The “sequester” and Lowell
I was happy to see that the Lowell National Park’s Visitor Center on Market Street opened on time yesterday and showed no immediate impact of the budget cutting “sequester” that went into effect on Friday. As the most visible Federal government presence in the city, the Lowell National Park will be closely watched for signs of these cuts. I’ve heard that keeping the VC open and the tours on schedule are the priorities but that the cuts will be felt in the funding of ancillary events such as the Lowell Summer Music Festival and the Lowell Folk Festival. It’s too soon to be predicting the cancellation of either of these, but they both bear watching.
Someone once said that “Americans like everything about socialism but the name” which I think is pretty accurate. It constantly astounds me that many who rail against the government and overspending derive such a large part of their own income from government spending be it directly in the form of paychecks or pensions or indirectly in the form of goods or services sold to the crowds that come to an event like the Lowell Folk Festival which is substantially (though not exclusively) dependent on government funding. If the government funding benefits me, it’s a wise expenditure. If it benefits you, it’s waste. That sums up the true philosophy of many of the self-professed conservatives amongst us.
So yes, it’s best to take a wait and see attitude on the effects of the sequester, but those who say that a cut of “only” 2.3% from a $3.6 trillion budget will have no discernible impact don’t know what they’re talking about. It’s not an across the board cut at the start of the fiscal year. The biggest expenditures – Medicare, Medicaid and Social Security – are exempt and we’re already nearly half way through the Federal fiscal year. Much money has already been allocated and spent and so the pool left to cut from is a lot smaller than $3.6 trillion. Maybe this region will escape any or at least the worst of the budgetary pain. There’s another saying: “a recession is when your neighbor loses his job; a depression is when you lose your’s.”
5 Responses to The “sequester” and Lowell
Very well said!
Other possible area for local cuts – not seen anything specific yet – is federal grant funding that faculty and staff at UMass Lowell have been so skillful in winning. And, federal financial aid dollars too. While I repeat I’ve not seen specific on this as yet, it stands to reason of defense $$$, health research $$$, and such are scaled back, this may well come from the impt grants faculty have received to help support their research activities. This may well be a rolling sort of thing and not hit UML before sanity prevails and Congress figures this all out.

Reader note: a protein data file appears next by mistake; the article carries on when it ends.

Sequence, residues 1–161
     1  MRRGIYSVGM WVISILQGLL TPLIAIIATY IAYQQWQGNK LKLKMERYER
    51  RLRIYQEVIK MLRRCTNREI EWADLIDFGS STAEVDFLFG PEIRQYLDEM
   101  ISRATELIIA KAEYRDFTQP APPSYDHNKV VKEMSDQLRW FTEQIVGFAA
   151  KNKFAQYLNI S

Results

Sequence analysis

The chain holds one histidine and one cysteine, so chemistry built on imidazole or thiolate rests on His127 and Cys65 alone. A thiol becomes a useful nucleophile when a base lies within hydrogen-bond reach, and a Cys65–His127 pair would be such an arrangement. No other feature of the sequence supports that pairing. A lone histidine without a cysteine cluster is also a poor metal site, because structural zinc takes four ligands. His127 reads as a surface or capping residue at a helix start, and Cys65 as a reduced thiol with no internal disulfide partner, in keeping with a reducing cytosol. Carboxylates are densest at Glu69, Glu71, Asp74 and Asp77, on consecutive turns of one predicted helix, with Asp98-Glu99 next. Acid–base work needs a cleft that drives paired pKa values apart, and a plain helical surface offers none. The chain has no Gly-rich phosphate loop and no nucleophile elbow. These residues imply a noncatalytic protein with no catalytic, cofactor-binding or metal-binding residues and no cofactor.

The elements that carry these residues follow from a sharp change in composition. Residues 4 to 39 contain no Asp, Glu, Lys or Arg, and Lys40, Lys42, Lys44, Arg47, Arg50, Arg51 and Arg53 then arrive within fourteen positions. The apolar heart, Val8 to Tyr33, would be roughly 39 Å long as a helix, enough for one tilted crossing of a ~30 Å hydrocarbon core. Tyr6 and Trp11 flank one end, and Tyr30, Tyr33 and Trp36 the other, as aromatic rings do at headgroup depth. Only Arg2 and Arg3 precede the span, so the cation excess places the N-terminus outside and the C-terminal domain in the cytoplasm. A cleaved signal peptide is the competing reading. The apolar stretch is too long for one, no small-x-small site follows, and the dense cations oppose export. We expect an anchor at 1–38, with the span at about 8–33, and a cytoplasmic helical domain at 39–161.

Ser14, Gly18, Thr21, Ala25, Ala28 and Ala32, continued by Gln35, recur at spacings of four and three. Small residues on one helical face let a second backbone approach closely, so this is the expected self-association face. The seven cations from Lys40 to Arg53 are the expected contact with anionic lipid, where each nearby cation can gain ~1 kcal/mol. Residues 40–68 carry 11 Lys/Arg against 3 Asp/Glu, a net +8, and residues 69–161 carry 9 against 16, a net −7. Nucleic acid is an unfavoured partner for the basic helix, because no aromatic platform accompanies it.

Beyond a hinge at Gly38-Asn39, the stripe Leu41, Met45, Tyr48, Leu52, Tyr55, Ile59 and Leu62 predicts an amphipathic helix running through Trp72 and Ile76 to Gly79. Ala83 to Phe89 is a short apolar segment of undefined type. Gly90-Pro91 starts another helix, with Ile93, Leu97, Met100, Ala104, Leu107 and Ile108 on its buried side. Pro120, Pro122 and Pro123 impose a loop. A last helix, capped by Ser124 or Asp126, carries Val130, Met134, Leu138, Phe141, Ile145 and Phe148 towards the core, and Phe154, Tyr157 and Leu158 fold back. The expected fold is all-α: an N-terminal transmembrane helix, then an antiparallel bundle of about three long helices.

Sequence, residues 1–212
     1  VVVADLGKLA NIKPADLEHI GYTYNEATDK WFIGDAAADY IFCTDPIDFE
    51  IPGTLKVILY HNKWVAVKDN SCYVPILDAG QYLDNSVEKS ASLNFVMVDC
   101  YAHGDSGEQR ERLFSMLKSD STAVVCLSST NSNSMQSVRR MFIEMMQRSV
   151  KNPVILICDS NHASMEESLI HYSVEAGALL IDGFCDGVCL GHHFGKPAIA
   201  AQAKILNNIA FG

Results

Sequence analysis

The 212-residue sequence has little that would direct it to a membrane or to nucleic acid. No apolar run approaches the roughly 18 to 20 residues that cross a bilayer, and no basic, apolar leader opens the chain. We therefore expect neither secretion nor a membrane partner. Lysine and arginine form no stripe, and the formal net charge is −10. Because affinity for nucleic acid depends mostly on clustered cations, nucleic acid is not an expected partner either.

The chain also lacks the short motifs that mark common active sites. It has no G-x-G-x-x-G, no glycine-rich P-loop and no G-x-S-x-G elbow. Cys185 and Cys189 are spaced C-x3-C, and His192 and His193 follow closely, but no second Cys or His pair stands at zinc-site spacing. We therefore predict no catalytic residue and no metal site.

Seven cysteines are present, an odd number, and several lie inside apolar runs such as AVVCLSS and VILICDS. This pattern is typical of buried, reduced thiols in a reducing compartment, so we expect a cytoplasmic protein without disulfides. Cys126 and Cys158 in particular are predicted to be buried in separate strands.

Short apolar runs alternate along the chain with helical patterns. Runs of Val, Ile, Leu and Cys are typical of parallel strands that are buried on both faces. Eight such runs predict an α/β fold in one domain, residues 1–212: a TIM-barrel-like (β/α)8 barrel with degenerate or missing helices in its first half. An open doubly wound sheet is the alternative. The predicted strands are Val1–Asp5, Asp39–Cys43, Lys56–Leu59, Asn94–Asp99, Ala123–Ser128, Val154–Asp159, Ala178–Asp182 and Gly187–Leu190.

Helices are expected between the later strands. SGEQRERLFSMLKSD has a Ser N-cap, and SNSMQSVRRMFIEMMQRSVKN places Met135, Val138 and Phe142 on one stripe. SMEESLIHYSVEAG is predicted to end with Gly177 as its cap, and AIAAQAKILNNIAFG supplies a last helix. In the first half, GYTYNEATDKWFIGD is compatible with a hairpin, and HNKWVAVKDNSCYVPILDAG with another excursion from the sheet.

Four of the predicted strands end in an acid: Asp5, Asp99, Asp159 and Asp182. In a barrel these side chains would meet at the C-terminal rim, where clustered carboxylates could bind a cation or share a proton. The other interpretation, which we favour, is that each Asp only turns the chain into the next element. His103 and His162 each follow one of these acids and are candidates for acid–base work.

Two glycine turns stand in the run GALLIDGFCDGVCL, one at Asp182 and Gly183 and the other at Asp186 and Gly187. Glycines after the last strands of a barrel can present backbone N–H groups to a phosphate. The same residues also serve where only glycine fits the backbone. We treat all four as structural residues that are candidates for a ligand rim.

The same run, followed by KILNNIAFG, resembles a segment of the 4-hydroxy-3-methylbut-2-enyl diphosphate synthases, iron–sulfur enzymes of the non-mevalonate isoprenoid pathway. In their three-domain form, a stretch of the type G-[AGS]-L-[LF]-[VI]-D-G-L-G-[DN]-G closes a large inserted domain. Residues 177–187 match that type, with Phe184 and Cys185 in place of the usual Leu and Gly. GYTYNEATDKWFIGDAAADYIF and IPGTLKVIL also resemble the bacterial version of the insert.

Except perhaps for what comes next. Scandanavia seems to be doing OK, but the PIIGS not so much. The American Thinker draws our attention to the recent elections in Italy—”Dangerous Times: How Euro-socialism Set off a Fascist Bomb“. France and Germany are in the middle.
Sure, it is easy to mke fun of me for having my “federal pension”. Of course folks forget that part of the reason for it is the desire on the part of the Government to have me go home early, so as not to clog the promotion system and unduely age the force. And, I am well aware that the COLA has distorted that value and needs to be fixed, but without hurting those on the low end of the spectrum. But, does that mean that only socialists can be in the Armed Forces?
I think the concern with Socialism, and there actually are a lot of Americans with a concern about Socialism, is that eventually one runs out of other peoples’ money, as Maggie Thatcher is supposed to have said.
Regards — Cliff
The feds seem to want to cut where it will hurt us the most, why not cut some of the foreign aid we give out, or how about finally cutting the 8 billion a year in subsidies the oil industry gets from the US govt?
Thanks, Bob Gagnon
A friend at UMass Amherst who looks at the economy for a living sent me this when I asked about the impact of sequester.
“Last year we used the REMI model to assess the impact of sequester on the state. [
The simulation compared a baseline with no budget cuts with a simulation that used our estimates of how much would be cut from federal money coming into the state.
The model estimated 52,000 fewer jobs with the sequester than without over a ten-year period. Virtually all of these impacts in the first 18 months, remaining in place for ten year. Note that this does not mean 52,000 jobs eliminated; rather, 52,000 jobs either eliminated or not added.” He added this: “I read somewhere than Prez Caret estimates a $32 million cut in university federal grants due to the sequester.”